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Case report

Types of Azygos Distal Anterior Cerebral Artery Branching Patterns: Relevance in Aneurysmal Surgery


Azygos distal anterior cerebral artery (Az.DACA) is a rare anatomical variant. This variant has been found to be associated with aneurysms in a significant proportion of patients. We present two cases of Az.DACA aneurysms associated with this anatomical variant with different branching patterns and the corresponding technical difficulties in clipping such aneurysms. Aneurysms associated with Az.DACA present unique technical challenges in proportion to the number of branches arising near the neck and should be managed at high volume centres with the best of facilities.


Az.DACA is an unpaired median vessel formed by the fusion of bilateral A2 segments of anterior cerebral artery (ACA), first described as "arteria termatica" by Wilders [1]. The incidence of this variant has been quoted to be 0.5-5% [2]. Though rare, aneurysms are associated with this variant in 41-71% of cases [3]. This presents a unique surgical challenge due to a single artery perfusing both ACA territories, difficult anatomy, and higher hemodynamic stress.

We present two cases of aneurysms arising at the division of Az.DACA, the technical difficulties faced, and review of the literature.

Case Presentation

Case 1: A 35-year-old male presented with a history of sudden, severe headaches. It was followed by transient loss of consciousness. At presentation, he was conscious with no focal neurological deficits (H&H grade II). A computerized tomography (CT) scan revealed a dense clot in the anterior interhemispheric fissure (AIHF), corpus callosum, and intraventricular hemorrhage (IVH). A CT angiography (CTA) showed a single A2 trunk, quadrifurcating into two pericallosal arteries and two callosomarginal arteries, with a 1.2 x 1.1 x 7 mm aneurysm at the quadrifurcation. (Figure 1, A-C)

Case 2: A 55-year-old female had a sudden onset of a severe headache. She was conscious with no focal deficits at presentation. A CT scan revealed a thick clot in the AIHF. A CTA depicted an azygos A2, with an aneurysm at its bifurcation. The callosomarginal arteries were arising from the proximal 2-3 mm of the two divisions. (Figure 1, D-F)

Informed consent was obtained from the patients for this study.

In the first case, the aneurysm was approached through bifrontal craniotomy and basal interhemispheric corridor. The aneurysms were secured with a single permanent fenestrated right angle clip that took one of the two azygos A2 in the fenestration. An indocyanine angiography (ICG) revealed that the flow in one A2 was getting compromised while applying a tentative straight clip. Therefore, one A2 was taken into the fenestration of a right angled clip. There was no temporary clipping or intraoperative rupture. He underwent a bifrontal secondary decompressive craniotomy for refractory raised intracranial pressure. The patient had mild weakness of the lower limbs at the three-month follow-up. The weakness improved with hydration and there was no radiological vasospasm on CTA.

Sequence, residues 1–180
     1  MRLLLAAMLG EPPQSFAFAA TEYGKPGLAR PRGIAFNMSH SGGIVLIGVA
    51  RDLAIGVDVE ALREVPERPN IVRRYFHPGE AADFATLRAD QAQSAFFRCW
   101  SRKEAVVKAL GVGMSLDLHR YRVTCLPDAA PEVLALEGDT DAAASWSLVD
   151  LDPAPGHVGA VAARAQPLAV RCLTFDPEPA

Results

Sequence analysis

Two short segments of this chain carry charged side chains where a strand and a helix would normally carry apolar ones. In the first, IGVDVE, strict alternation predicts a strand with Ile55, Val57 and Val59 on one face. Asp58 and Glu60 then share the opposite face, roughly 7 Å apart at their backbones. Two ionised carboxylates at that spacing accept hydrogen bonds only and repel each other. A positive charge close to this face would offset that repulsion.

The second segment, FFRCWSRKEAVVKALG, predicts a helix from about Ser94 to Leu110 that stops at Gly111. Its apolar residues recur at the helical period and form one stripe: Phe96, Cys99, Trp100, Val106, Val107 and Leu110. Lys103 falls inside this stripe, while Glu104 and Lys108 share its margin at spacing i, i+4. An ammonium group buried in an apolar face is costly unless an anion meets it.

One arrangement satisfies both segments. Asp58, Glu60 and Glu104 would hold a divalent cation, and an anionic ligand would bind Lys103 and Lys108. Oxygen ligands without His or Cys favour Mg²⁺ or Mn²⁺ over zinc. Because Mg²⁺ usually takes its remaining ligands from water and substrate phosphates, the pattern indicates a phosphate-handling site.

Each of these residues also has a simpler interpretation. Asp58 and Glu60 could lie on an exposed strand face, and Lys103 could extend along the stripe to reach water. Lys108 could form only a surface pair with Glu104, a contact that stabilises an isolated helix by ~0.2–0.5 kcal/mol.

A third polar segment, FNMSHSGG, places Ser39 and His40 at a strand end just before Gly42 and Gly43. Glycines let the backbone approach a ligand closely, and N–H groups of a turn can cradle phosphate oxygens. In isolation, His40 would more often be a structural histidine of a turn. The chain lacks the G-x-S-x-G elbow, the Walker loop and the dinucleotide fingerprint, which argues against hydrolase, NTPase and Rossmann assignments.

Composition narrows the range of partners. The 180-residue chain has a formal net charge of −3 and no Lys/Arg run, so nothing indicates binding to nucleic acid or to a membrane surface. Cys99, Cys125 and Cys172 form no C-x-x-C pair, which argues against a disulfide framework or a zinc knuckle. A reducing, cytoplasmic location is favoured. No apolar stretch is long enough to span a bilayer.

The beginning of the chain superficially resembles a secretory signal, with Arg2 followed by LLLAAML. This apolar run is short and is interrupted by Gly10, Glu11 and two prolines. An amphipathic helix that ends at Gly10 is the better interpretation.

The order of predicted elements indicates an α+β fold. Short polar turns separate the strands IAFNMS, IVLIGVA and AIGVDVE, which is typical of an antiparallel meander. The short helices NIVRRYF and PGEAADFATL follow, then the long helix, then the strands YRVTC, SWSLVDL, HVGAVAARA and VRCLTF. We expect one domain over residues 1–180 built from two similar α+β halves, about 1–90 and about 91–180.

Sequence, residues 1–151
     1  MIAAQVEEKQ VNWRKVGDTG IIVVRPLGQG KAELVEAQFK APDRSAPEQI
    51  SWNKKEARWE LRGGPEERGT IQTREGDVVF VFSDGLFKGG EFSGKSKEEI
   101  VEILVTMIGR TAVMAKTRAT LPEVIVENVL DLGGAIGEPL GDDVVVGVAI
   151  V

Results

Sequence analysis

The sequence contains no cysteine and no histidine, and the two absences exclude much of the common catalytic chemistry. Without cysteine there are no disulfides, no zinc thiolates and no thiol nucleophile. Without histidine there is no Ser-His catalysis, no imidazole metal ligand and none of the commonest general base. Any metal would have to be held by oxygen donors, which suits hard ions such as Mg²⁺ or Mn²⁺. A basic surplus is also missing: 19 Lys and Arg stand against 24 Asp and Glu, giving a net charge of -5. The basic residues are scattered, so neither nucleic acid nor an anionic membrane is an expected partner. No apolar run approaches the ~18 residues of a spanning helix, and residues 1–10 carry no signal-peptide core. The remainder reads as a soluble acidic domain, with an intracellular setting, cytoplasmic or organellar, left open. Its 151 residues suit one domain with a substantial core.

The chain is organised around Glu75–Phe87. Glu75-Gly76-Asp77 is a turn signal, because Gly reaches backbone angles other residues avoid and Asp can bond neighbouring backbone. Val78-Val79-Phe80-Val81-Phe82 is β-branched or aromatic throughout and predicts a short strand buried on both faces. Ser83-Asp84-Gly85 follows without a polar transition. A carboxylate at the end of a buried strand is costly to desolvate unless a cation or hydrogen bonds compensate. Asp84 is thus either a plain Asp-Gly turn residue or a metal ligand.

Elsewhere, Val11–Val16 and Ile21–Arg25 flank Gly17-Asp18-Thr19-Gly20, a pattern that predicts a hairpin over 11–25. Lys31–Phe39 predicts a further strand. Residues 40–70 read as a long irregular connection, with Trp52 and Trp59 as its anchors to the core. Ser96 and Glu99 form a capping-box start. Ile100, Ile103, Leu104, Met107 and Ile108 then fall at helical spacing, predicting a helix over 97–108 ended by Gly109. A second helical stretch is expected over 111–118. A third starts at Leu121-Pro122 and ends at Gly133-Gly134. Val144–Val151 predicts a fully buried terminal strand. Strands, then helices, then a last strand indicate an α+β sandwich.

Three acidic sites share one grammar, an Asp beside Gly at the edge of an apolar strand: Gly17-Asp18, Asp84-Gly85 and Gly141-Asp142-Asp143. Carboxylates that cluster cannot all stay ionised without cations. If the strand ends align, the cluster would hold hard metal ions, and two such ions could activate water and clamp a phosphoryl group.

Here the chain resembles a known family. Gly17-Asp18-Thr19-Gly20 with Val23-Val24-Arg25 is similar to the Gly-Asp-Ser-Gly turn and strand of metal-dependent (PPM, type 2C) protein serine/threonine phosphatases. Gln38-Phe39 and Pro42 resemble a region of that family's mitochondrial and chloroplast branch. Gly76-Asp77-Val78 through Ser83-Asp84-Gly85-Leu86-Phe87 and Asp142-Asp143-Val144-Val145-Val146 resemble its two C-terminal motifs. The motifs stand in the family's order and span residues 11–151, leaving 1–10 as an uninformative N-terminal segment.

The second patient also underwent a bifrontal craniotomy and clipping of the aneurysms. Intraoperative patency of all branches was confirmed using ICG angiography. The aneurysms were secured with a single curved clip without temporary clipping or intraoperative rupture. Postoperatively, the patient developed transient monoparesis of the right lower limb that responded to hyperdynamic therapy. At the three-month follow-up, the patient made an excellent recovery in her motor deficit albeit with a mild deficit in bladder control.


Azygos variant of DACA is a rare entity caused by the unusual fusion of the normally paired A2 segments of ACA. This originates either from the medial branch of the olfactory artery at the initial 16 mm stage (day 40) of embryogenesis or the continuation of the median artery in the corpus callosum at the 20-24 mm stage (day 44). It can also be generated by a lack of development or regression of the ACA [3-5]. Az.DACA can be associated with developmental anomalies like fenestration, or hypoplasia of the A1 segment [3-4].

DACA aneurysms, which normally constitute around five percent of ruptured aneurysms, are noted in 41-71% in the presence of this variant [6-8]. There is a high incidence of non-saccular complex aneurysms at this location [8]. The branching pattern associated with this anomaly may vary, the most common being division into two pericallosal arteries. One case is reported in the literature with the azygos A2 trifurcating into the pericallosal arteries and one callosomarginal artery [9]. In Case 1 of our studies, there was a quadrifurcation pattern, with the A2 dividing in two pericallosals and two callosomarginals.